Jean Francois takes the blame for a crime he did not commit after a change in his life has made him a respected tradesman. He has done this to save a naïve rustic from his own fate as an habitual criminal prior to his reformation. He willingly substitutes for the real thief because he can survive a life in jail and his young rustic friend would be spared a life of in-jail and out. Jean Francois has saved his young friend from a life like his. Shows how once labeled a criminal in the eyes of the law; one remains a criminal in the eyes of the law, for the rest of one’s life.
HE was scarcely ten years old when he was arrested for the first time for vagabondage. This is what he said to the judges:
“My name is Jean François Leturc, and for the last six months I’ve been with the man who sings between two lanterns on the Place de la Bastille, scraping on a bit of catgut. I say the chorus with him, and then I cry out, ‘Ask for the new song book, ten centimes, two sous!’ He was always drunk, and he beat me. That’s how the police found me the other night, in these ruined houses. Before that, I used to be with the man who sells brushes.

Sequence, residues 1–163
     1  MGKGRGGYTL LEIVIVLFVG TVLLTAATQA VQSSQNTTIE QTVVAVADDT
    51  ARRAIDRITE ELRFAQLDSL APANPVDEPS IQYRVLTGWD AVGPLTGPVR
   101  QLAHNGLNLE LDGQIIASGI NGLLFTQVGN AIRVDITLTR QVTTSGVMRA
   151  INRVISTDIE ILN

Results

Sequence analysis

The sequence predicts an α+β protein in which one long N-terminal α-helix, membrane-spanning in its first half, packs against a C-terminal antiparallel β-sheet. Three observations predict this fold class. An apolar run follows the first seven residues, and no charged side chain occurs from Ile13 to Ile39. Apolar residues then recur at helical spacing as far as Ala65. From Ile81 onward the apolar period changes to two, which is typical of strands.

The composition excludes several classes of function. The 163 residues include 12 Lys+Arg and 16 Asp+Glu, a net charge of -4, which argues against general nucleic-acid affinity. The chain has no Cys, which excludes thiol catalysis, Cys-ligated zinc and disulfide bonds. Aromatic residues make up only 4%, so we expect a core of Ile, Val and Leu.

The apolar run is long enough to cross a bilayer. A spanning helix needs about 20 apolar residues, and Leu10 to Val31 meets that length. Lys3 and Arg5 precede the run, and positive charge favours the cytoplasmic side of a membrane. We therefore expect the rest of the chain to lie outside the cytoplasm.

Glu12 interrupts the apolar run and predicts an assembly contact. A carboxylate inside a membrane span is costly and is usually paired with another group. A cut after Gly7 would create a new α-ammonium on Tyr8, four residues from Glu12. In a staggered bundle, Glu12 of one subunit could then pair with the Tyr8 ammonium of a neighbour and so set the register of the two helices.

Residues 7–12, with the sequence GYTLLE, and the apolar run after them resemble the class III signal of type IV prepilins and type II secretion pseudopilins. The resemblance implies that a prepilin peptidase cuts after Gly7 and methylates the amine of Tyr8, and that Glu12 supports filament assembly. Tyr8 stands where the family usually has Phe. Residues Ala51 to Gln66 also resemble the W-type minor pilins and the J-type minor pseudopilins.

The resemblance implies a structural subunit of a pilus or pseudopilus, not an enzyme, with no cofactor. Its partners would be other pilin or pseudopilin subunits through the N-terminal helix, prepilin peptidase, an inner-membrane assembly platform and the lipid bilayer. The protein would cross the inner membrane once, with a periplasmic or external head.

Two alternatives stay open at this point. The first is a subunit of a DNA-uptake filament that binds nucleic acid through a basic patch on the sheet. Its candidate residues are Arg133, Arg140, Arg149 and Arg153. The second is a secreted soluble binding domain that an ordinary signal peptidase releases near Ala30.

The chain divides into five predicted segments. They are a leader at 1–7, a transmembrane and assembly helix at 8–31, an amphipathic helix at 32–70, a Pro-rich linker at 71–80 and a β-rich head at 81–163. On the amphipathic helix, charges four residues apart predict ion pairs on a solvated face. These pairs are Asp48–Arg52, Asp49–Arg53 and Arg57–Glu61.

My mother was a washerwoman; her name is Adele. A gentleman had set her up on a ground floor, at Montmartre, long ago. She was a good worker and very fond of me. She made money because she had the custom of the café waiters, and they need lots of linen. Sundays, she put me to bed early to go to the ball; but weekdays, she sent me to the Brothers’ school, where I learned to read. Well, at last the policeman whose beat was up our street used to stop before her window to talk to her, a big man, with the Crimean medal. They got married, and all went wrong. He took a dislike to me, and set mamma against me. Everybody had a slap for me; and it was then that to get away I spent my days on the Place Clichy, where I got acquainted with the mountebanks. My stepfather lost his job, mamma lost her customers, and so she went to the washhouse to support her husband. It was there she got consumption, from the dampness. She died at Lariboisiere. She was a good woman. Since then I’ve lived with the brush seller and the catgut scraper. Am I going to be put in prison?” He talked this way openly, cynically, like a man. He was a ragged little rascal, as tall as a top boot, with his forehead hidden under a strange yellow mop of hair. Nobody claiming him, they sent him to the reform school. Not intelligent, lazy, especially clumsy with his hands, he could learn there only a poor trade, to reseat straw chairs. Yet he was obedient, naturally quiet and taciturn; and he did not seem to be too profoundly corrupted by that school of vice. But when he was seventeen, and set free in the streets of Paris, he found there, for his misfortune, his prison comrades, wretched creatures, plying the lowest callings. Some were trainers of dogs for rat-catching in the sewers; some shined shoes in the Passage de l’Opéra, on the nights when there were balls; some were amateur wrestlers, letting themselves be thrown by the Hercules of the side shows; some used to fish from rafts out in the river. He tried one of these things and another; and a few months after he had left the house of correction, he was arrested again for a petty theft, a pair of old shoes picked from out an open show window. Result: a year of imprisonment at Sainte-Pélagie, where he served as valet to the political prisoners. He lived, astonished, among this group of prisoners, all very young and carelessly dressed, who talked loudly and carried themselves in such a solemn way. They used to meet in the cell of the eldest of them, a fellow of thirty locked up for a long time already and as though settled at Sainte-Pélagie, a big cell, papered with colored caricatures, out of whose windows could be seen the whole of Paris, its roofs, its...
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